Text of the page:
RC/Snieckus – “Offshore wind is the only sector name-checked in president Biden's executive actions. You see the secretaries of energy and commerce, lining up to make the target announcement. That makes pretty clear the big Venn diagram in Biden's mind that says, industrial transformation, economic development, and clean power. There's a big sweet spot. From our standpoint at Recharge, that's huge, exciting, just to see birth of an industry really, that's been billions of dollars, harbor side right now, waiting to be turned into steel in the water. There's just this kind of really quite electric atmosphere. Just a hugely exciting time and great to be an energy journalist of this point in history, I think.”

CT/Barnard – “What I am seeing in carbon capture policy is environmental focus: Trees, wetlands and low-tillage agriculture are much more supported by policy globally. Second, I'm strongly seeing a rear-guard action by the legacy power organizations to make it seem as if carbon capture and sequestration, industrial-mechanical approaches, are fit for purpose. They're going to be necessary for a small percentage of the industrial processes, that we can't decarbonize. But job one is to stop emitting the CO2 at all. Third, [China] turned their economy into a high-carbon economy faster than any other economy in the world, and they're now turning the curve on that faster than any other economy in the world. The expectation is they're going to be hitting their admittedly weak Paris Agreement targets nine years ahead of schedule.”

UD/Gheorghiu – “We're seeing a lot of utilities and corporations make big announcements on their renewable goals, on their renewable buying targets and new projects they're doing, which is really great to see. But, the thing that strikes me now, as we have a lot of activity from the administration as well, we're seeing that shareholders and investors, green funds and consumers, are asking for more. Shareholders, consumers and green funds, they're asking for more than 100% renewable energy or than a big, mega, block target.”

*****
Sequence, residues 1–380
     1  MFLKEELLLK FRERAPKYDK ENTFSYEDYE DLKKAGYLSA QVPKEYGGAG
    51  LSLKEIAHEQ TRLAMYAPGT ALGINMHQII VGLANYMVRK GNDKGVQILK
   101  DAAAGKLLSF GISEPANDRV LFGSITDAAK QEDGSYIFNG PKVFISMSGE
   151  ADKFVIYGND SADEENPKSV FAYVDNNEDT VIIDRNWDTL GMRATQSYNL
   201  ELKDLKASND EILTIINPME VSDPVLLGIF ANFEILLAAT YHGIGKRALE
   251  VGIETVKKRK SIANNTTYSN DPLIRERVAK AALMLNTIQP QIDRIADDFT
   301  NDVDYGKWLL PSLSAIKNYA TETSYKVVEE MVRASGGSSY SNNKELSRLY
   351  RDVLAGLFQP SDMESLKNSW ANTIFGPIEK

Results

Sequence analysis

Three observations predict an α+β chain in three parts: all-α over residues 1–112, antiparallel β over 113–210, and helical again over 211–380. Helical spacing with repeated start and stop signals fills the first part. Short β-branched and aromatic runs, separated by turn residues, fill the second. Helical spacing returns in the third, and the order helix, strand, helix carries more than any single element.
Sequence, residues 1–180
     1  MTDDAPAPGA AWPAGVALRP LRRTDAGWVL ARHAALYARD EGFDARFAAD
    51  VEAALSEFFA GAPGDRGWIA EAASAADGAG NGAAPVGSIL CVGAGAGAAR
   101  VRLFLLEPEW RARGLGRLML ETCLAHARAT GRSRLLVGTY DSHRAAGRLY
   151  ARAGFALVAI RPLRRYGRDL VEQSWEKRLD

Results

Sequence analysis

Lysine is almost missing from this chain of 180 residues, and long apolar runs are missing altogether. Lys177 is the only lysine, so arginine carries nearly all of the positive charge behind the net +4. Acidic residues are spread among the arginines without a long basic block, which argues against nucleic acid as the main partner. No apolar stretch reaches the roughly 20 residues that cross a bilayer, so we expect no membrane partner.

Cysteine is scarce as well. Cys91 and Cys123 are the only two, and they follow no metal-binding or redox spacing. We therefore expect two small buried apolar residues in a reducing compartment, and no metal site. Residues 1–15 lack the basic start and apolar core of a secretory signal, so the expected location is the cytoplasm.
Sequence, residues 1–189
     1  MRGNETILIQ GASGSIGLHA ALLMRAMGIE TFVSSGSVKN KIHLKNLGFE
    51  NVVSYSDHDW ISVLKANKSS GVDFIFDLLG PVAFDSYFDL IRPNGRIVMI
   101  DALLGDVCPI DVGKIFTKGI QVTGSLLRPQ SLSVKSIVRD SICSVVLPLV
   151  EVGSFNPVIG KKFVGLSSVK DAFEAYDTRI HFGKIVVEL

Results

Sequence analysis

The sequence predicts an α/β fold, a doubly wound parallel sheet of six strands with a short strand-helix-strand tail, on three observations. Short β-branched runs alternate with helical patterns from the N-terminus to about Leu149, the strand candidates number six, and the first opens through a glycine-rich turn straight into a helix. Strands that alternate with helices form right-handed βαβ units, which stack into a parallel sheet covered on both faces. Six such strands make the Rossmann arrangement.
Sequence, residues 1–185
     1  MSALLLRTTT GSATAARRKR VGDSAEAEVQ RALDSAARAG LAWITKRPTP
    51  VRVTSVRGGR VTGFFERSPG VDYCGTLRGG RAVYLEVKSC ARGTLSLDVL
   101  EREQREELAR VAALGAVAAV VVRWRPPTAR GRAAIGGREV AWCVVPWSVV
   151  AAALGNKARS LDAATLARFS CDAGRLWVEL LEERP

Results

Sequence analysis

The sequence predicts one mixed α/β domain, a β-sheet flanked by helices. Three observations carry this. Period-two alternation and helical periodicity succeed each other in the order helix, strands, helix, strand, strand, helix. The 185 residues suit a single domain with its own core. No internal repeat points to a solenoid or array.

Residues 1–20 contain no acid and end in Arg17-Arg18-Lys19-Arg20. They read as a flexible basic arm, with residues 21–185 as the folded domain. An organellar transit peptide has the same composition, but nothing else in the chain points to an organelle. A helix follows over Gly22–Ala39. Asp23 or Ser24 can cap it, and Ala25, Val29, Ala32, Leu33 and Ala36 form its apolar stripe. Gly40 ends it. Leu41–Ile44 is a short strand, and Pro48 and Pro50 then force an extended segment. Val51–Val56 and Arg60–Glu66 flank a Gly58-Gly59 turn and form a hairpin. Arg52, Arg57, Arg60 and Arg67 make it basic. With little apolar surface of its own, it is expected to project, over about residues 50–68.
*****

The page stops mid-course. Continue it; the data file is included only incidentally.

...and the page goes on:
GB/Clancy – “Are they serious? They're serious. Are they detailed enough to be meaningful? My main answer is, “no.” We don't have a good enough short-term view on what people are going to start doing now. I think they're serious because when you have the CEO or the chairman or that level of person making the commitment. They're serious, and they need to be serious. But I don't necessarily think that we have enough detail for us to know if they're going to be meaningful.”

REW/Runyon – “I think the volume of announcements that I'm seeing is greatly increased. It seems like everybody is saying, "We're going to be carbon neutral. We're going to be carbon neutral." I think it's great. But the truth of the matter is that if you take it a step further, we don't really have a clear path to be 100% carbon free. We don't. We're relying on some that we are pretty sure are going to be there and be ready in 5, 10, 15 years, but don't really have those.” 

RC/Snieckus – “I think an interesting backcloth to this could be the World Economic Forum Index that was published yesterday. It’s an annual index, and the boil down was: The last 10 years have considerably accelerated the energy transition. But by their measure, they cross calculate what economic development and environmental sustainability, and energy security is their kind of trifecta. We're only seeing, I think it was 10% of countries on the planet, have actually seen steady and measurable improvement, in terms of their energy transition. All to say, we all know faster, further.”


REW/Runyon – “I think definitely impactful. On Twitter, people were saying that the rhetoric from the oil and gas industry has changed. And certainly, that may not be true internally, but there is more discussion of wanting to have a clean energy future now.”

CT/Barnard – “It's wonderful from the rest of the world's perspective. The United States is back in the Paris Accord, and is having conversations with China. The infrastructure plan has been described as probably the only climate bill that'll get through Congress in the next two years before the midterms.”